Native American Casinos Will Provide Financial Benefits to California By ZACHARY RUNNING WOLF

Tuesday April 05, 2005

I, Zachary Running Wolf, provide leadership and effort on behalf of 85,000 Native Americans here in the Bay Area (the second largest urban native population after Oklahoma City). 

Gaming is a sovereign right, dating back thousands of years in historical and cultural connections, because my people traditionally used gaming to hone their intuition in hunting. 

California has a unique situation like no other state: The tribes have compacts with the governor, that the tribes will donate 8.5 percent of the profits from gaming to the state. I applaud the tribes, since they do not have an obligation to negotiate with the governor, nor are they required to pay taxes on the gaming profits, because the tribes are sovereign states. 

The fact is that California Native Americans are offering to pay these self-taxes, which will amount to billions of dollars to state coffers. This is a gift and should be appreciated, since the federal government is removing billions of dollars by either corporatizing or financially starving basic resources such as schools, libraries, hospitals, clinics, and other badly need institutions. 

I realize that there are arguments and concerns regarding gaming, which are weak at best (no one is forced to patronized a gaming casino), and seem downright racist (white-operated casinos have flourished without interference for a very long time in this country). 

Furthermore, the argument that gaming is going to be brought to the urban environment is specious. I have to inform you that your concern is too late: There are scratchers and the state lottery in every corner store, as well as the race track in the East Bay, and many card rooms dot the Bay Area.  

As for the specter of increased crime, let me ask: When you are at South Lake Tahoe, or the Oaks Card Room, do you see people getting mugged, or robberies being staged? What makes you think such activities are going to be permitted at Indian casinos? As a matter of fact, Indian gaming places across the country have an excellent safety record. 

Impoverishing poor people is another argument raised against Indian casinos. Why are poor people going to be any more impoverished by Indian gaming than by gaming clubs run by white people—to say nothing of the lottery? I have not seen crowds of poor people at casinos—it is usually middle-income and wealthy people who patronize them. The large donations to the state, to be used for the deteriorating public institutions, and the many jobs provided by gaming will aid the poor people in the long run.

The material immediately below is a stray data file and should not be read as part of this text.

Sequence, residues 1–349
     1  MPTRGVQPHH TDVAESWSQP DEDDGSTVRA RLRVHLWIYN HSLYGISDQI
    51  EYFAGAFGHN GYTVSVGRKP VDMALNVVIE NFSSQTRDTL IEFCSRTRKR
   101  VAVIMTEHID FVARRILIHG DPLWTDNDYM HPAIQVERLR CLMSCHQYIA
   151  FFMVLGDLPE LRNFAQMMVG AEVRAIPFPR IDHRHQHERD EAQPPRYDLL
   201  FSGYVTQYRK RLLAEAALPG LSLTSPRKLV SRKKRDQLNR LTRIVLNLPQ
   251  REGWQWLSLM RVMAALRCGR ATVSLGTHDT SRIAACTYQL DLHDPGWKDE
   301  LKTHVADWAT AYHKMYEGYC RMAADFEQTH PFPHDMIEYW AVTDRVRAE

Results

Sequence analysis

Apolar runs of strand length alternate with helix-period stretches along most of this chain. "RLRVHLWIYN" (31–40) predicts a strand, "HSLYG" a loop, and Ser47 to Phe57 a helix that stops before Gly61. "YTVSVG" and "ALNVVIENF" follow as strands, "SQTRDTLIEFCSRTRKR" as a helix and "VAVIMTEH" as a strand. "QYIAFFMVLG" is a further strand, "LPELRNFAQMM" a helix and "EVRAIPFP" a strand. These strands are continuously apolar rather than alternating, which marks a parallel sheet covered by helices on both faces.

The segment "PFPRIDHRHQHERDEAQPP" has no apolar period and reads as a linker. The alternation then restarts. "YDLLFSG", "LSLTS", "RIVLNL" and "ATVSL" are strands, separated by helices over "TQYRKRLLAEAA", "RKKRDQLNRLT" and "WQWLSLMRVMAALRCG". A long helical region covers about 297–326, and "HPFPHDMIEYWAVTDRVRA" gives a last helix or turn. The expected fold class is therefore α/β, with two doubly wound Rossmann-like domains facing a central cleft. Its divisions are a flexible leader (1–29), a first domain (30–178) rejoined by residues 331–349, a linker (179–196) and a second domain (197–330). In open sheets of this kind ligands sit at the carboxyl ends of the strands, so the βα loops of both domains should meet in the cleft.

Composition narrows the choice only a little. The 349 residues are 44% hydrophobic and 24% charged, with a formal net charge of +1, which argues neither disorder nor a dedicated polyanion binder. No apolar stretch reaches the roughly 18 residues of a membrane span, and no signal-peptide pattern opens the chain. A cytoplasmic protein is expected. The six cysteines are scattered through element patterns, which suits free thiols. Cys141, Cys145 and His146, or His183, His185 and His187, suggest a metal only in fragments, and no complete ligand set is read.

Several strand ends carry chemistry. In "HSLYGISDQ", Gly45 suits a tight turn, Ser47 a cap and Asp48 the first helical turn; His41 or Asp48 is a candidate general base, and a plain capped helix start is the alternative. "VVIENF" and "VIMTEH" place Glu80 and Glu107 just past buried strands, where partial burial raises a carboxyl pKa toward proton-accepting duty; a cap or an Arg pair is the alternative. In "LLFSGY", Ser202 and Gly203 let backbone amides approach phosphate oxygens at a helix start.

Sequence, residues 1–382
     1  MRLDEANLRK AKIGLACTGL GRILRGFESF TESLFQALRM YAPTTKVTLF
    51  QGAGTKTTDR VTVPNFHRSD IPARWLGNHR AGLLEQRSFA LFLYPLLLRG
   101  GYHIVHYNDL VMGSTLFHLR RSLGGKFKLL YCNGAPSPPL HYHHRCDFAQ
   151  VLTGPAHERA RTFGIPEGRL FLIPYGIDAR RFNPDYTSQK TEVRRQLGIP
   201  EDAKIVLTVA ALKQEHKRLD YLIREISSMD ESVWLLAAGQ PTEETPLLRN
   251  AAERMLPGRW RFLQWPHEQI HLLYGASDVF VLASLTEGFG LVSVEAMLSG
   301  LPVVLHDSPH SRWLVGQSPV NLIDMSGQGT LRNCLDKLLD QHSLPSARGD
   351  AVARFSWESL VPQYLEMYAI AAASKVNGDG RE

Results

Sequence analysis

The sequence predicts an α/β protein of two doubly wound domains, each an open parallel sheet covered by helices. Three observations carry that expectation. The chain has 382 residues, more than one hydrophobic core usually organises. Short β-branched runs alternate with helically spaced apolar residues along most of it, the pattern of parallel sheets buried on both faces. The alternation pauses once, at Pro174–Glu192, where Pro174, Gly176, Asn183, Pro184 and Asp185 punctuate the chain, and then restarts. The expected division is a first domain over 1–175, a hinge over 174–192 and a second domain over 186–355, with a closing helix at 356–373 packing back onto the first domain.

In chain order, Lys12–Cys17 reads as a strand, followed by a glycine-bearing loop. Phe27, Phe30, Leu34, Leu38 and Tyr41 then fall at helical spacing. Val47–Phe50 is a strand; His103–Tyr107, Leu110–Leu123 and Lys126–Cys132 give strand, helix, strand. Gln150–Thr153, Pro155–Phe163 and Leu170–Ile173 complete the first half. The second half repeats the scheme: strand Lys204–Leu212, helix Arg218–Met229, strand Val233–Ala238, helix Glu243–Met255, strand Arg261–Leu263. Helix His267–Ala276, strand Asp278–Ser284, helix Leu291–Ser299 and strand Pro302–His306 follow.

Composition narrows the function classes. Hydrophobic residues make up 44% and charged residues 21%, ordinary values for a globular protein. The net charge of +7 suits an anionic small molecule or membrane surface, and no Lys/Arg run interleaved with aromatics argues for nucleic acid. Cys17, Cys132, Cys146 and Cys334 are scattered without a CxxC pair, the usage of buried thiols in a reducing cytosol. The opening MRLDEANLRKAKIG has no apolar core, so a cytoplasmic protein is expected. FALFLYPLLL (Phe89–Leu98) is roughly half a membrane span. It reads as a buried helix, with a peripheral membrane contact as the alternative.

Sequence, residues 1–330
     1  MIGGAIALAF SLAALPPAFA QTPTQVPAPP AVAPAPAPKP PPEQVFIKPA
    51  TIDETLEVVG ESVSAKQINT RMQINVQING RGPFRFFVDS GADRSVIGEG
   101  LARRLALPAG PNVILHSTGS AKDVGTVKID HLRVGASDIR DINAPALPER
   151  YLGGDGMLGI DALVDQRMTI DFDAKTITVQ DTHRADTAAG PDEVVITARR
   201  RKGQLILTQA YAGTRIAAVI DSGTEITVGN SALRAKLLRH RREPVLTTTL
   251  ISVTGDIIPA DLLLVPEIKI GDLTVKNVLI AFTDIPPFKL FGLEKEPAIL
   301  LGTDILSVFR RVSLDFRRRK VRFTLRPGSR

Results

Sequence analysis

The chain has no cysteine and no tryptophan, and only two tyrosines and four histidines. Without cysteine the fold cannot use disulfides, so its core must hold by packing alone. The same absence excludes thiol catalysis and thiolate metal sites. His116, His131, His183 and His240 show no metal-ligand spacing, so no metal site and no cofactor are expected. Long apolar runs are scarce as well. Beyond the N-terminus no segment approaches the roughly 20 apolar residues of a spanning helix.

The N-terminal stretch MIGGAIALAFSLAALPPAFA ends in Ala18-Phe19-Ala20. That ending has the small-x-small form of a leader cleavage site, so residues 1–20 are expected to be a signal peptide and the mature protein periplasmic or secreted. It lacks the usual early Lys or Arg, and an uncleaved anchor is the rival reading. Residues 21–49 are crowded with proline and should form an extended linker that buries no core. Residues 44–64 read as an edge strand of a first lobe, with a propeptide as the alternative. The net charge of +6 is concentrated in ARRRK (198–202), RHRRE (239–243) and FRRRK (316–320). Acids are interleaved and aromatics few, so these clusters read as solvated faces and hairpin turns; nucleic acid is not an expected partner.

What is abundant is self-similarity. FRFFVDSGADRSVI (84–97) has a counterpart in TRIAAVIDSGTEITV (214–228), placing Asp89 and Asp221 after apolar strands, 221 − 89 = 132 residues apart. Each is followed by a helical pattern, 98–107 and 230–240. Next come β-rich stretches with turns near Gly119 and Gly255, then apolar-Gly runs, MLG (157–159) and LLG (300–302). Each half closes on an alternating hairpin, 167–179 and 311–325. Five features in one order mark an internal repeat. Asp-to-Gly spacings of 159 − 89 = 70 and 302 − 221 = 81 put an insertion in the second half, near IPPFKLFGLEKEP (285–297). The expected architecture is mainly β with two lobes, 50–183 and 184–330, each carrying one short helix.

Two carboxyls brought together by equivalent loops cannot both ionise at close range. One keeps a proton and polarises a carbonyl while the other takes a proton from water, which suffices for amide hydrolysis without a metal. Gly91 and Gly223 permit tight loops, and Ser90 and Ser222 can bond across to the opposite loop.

With regard to the concern about addiction, one of the latest surveys concludes that 3 percent of gamblers have a serious addiction problem. That is too many—any addicted persons are too many. California Indian gaming makes major contributions to Gamblers Anonymous and does commercials warning against addiction. Addiction is regarded medically and psychiatrically as a disease, to be treated—and that includes addiction to alcohol, drugs, fatty foods, sugar, anorexia, and other substances and behaviors. Why are critics suddenly picking on gaming, especially Indian gaming, as a topic of major concern? 

Finally, increased traffic has been cited as a problem with some Indian gaming locations. If you’ve ever tried to drive on 80 or 580 when racing season is on, you can understand the concern. But the race track has not been closed down because of traffic problems. An offer by a Native American tribe of $25 million to push forward the already-planned highway and traffic improvement project should be accepted, rather than using the already existing traffic problems as an excuse to deny the establishment of the gaming site—which would also be reachable by public transportation. 

By the way, this country has not kept its side of almost any treaty made with Native Americans in some 450 years—a pathetic and scandalous record. And now that Native Americans have found a way to get a small piece of the pie, through gaming, there is every effort being made to deprive them of even that. 

I put it to the discerning reader that Indian-owned gaming casinos are a boon to California (the fifth-largest economy in the world). And as California goes, so goes the nation. 


Zachary Running Wolf is a Berkeley resident.›